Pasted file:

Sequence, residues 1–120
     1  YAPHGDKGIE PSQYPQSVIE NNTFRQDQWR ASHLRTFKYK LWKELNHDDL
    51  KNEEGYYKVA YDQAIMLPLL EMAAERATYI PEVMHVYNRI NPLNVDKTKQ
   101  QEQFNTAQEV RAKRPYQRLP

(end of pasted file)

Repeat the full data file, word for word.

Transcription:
Sequence, residues 1–120
     1  YAPHGDKGIE PSQYPQSVIE NNTFRQDQWR ASHLRTFKYK LWKELNHDDL
    51  KNEEGYYKVA YDQAIMLPLL EMAAERATYI PEVMHVYNRI NPLNVDKTKQ
   101  QEQFNTAQEV RAKRPYQRLP